Announcing Stack Overflow Documentation

We started with Q&A. Technical documentation is next, and we need your help.

Whether you're a beginner or an experienced developer, you can contribute.

Sign up and start helping → Learn more about Documentation →

I am using cakephp in one of my projects and my client wants the site URLs to end with .html and not the usual friendly urls. I was wondering if its possible in cakephp to do so through any of its routing techniques. Please help.

share|improve this question
Also see Adding a prefix to every URL in CakePHP – deceze Aug 5 '10 at 1:42
i suggest u explain to ur client why its important – Harsha M V Aug 5 '10 at 17:27
It sounds like the client may need more education. I cannot think of any reason why a .html extension would be needed. Can anyone enlighten me? – Chuck Burgess Aug 6 '10 at 3:43
well its an SEO thing. when the search engine crawler finds a page with an extension of .html it assumes that its a static page and gives it more ranking. i am not sure if this is followed these days by the modern crawlers but my client wants it so i have to give it :) – Atul Dravid Aug 6 '10 at 22:28

That is well documented in the cookbook.

UPDATE: http://book.cakephp.org/2.0/en/development/routing.html#file-extensions

To handle different file extensions with your routes, you need one extra line in your routes config file:

Router::parseExtensions('html', 'rss');

If you want to create a URL such as /page/title-of-page.html you would create your route as illustrated below:

    array('controller' => 'pages', 'action' => 'view'),
        'pass' => array('title')

Then to create links which map back to the routes simply use:

    'Link title',
    array('controller' => 'pages', 'action' => 'view', 
          'title' => 'super-article', 'ext' => 'html')
share|improve this answer
I think there must be a better approach which can add .html to all controller's action rather than providing ext=> 'html' to every controller manually. Also, if want to turn on/off .html extension it makes no sense to go to all controller and manually add/remove ext parameter. What do you say if someone wants to make Joomla like seo on/off? – RN Kushwaha Sep 14 '14 at 13:29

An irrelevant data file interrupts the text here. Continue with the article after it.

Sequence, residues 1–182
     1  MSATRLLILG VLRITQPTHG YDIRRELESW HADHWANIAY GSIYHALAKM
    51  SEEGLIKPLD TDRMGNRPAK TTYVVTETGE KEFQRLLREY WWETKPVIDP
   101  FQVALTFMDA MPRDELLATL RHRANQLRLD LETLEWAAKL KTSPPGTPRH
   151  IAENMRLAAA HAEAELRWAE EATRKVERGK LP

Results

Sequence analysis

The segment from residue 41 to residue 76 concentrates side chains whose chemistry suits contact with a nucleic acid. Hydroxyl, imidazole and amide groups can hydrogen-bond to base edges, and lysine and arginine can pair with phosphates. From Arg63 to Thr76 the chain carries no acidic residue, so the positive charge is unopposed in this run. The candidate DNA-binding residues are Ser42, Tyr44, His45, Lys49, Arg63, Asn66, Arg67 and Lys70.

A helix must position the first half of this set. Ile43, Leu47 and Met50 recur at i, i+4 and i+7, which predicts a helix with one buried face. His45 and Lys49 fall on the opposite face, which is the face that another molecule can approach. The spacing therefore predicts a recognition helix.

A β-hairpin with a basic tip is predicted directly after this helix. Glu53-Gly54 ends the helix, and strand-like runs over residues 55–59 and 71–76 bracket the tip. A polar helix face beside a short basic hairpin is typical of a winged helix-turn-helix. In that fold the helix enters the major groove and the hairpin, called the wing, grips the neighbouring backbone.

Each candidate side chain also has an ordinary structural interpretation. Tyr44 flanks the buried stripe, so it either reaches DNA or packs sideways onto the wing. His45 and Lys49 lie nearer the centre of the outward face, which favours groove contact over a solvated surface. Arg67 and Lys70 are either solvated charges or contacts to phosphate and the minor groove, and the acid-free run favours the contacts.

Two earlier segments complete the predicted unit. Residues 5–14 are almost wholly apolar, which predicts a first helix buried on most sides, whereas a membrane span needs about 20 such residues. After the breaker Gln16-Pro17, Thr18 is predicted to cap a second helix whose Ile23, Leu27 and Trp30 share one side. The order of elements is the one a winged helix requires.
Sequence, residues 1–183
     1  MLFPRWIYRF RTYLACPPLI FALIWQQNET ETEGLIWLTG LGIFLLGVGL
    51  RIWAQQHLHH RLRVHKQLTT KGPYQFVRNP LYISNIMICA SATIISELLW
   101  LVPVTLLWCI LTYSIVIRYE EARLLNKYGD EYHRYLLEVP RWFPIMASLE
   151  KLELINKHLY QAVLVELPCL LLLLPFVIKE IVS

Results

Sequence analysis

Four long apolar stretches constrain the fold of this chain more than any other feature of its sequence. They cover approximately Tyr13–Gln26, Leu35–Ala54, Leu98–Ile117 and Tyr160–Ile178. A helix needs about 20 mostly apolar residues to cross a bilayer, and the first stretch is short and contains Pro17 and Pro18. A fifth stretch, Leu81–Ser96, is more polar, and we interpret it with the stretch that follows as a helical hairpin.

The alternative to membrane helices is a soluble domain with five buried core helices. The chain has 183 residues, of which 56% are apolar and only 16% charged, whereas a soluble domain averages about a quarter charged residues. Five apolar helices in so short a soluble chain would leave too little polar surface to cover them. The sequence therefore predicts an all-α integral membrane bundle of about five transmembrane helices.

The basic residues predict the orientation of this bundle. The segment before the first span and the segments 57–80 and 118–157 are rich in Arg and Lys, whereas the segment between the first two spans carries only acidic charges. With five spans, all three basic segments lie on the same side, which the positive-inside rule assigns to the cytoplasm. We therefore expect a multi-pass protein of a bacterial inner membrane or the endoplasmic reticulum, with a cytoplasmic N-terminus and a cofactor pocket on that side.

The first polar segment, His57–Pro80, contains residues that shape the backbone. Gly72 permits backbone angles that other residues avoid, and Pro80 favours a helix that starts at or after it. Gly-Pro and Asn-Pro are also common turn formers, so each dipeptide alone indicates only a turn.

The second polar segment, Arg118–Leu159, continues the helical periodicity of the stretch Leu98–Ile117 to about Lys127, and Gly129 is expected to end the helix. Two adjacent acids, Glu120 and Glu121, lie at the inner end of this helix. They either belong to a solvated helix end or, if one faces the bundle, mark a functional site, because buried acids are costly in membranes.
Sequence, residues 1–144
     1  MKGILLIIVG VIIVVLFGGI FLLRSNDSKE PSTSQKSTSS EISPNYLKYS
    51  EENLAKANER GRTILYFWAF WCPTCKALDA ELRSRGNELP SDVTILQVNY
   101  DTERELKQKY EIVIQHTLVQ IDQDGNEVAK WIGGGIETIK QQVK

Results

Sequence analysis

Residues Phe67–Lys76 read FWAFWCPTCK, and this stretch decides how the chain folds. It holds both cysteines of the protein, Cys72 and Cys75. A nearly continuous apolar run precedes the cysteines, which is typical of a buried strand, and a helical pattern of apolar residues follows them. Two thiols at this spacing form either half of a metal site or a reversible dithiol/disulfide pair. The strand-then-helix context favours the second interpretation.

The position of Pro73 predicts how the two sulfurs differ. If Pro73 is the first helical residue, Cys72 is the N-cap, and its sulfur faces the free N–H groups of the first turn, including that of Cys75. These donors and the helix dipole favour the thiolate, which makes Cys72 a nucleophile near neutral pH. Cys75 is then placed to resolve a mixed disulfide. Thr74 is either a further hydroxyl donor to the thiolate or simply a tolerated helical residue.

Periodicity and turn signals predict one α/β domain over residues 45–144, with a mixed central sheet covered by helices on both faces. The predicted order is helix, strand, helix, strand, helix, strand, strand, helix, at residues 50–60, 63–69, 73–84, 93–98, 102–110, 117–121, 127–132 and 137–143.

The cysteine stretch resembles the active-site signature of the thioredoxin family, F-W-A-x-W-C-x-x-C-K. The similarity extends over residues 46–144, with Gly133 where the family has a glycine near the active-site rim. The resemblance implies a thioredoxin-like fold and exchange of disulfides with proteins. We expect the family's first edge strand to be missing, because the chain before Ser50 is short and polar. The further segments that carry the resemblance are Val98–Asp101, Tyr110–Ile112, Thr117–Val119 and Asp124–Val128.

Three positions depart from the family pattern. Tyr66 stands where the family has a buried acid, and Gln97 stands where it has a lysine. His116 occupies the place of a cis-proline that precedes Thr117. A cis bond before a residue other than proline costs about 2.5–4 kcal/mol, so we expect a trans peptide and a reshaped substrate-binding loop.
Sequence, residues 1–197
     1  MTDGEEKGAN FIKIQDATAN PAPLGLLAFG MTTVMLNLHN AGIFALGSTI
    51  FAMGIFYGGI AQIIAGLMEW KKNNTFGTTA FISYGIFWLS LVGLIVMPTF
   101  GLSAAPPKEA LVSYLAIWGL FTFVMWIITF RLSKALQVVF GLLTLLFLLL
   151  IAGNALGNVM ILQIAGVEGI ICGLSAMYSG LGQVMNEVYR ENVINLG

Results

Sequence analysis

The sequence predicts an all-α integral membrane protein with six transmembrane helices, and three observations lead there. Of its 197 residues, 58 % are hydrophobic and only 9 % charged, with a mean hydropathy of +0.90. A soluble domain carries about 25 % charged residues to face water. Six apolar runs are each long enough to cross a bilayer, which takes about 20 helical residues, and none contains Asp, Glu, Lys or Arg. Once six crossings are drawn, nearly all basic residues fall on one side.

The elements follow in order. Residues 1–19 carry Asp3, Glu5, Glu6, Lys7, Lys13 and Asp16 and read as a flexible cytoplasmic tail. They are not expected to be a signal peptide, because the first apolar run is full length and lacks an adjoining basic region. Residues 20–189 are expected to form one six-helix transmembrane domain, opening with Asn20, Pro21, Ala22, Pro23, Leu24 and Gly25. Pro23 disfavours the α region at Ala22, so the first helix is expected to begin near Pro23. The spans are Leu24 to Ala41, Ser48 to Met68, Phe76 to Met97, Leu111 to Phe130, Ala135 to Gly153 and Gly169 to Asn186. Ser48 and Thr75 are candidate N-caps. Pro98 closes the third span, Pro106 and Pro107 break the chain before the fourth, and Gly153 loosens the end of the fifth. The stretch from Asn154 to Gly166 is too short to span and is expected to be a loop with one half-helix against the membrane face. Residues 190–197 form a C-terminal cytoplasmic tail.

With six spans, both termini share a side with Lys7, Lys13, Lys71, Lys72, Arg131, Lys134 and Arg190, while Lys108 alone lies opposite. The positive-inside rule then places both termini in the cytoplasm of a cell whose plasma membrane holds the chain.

@RNKushwaha: You can inject file extension to every link in AppHelper::url() if that is what you meant by your comment. – bancer Sep 22 '14 at 19:36

One of the parameters you can send to Router::url() (which is called by other methods like HtmlHelper::link() and Controller::redirect()) is 'ext'. Try setting this to 'html'. E.g:

echo $this->Html->link('Products', array('controller' => 'products', 'action' => 'index', 'ext' => 'html'));


$this->redirect(array('controller' => 'products', 'action' => 'index', 'ext' => 'html'));

If it works, try figuring out a way you can override Router::url() to add it in by default.

share|improve this answer
up vote 2 down vote accepted

Had to solve this without using Routes. Kept the default route entry for pages:

Router::connect('/pages/*', array('controller' => 'pages', 'action' => 'display'));

and in the display action removed the .html extension and rendered the respective view:


While calling the pages added 'ext' to be .html

share|improve this answer

According to this page you can do something like this

Router::connect('/(.*).html', array('controller' => 'pages', 'action' => 'display'));

but as you are talking about extensions, that may have other consequences.

share|improve this answer
Hi Lucas Heneks, Thanks for the link. I tried it but it doesn't seem to work for me... It giving me the missing controller error. – Atul Dravid Aug 5 '10 at 11:21

As Routes Configuration - File extensions documentation section says, you could use:

Router::parseExtensions('html', 'rss');

This will tell the router to remove any matching file extensions, and then parse what remains.

share|improve this answer

You will need to associate the html extension to the PHP module in Apache as well. I don't remember exactly the adjustment needed but it will be in /etc/httpd/httpd.conf file. (This file may be in a slightly different place depending on your server's OS.) Just look for the line that associates .php with the PHP module. I believe you may be able to define this in the .htaccess file as well but weather or not you can depends on what you are allowed to do in the httpd.conf file.

share|improve this answer
That won't be necessary since Apache will just route everything through Cake, extension and all, since none of the .html files actually exists. You only need to do what you describe if you have physical HTML files which you want processed by PHP, which is not the case here. – deceze Aug 5 '10 at 1:41

Its quite Simple,Open file app/config/routes.php and just add

Router::parseExtensions('html', 'rss');

Above the line

 Router::connect('/', array('controller' => 'pages', 'action' => 'display', 'home'));

Now you can access even your controller methods with .html extensions .

I hope it helps .

share|improve this answer

Your Answer


By posting your answer, you agree to the privacy policy and terms of service.

Not the answer you're looking for? Browse other questions tagged or ask your own question.